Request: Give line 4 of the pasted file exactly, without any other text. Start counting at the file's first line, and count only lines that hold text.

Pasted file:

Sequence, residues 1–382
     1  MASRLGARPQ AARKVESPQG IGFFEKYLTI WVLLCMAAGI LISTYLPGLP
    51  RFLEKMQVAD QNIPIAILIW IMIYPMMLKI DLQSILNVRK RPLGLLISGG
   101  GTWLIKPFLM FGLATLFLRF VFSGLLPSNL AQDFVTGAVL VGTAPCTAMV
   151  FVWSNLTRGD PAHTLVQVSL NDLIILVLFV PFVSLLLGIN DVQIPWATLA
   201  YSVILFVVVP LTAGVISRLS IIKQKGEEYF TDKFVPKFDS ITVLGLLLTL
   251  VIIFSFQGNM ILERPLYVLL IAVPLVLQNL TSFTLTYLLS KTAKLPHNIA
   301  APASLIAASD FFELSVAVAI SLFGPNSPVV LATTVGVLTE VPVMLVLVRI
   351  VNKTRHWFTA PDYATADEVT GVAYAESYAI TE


   101  GTWLIKPFLM FGLATLFLRF VFSGLLPSNL AQDFVTGAVL VGTAPCTAMV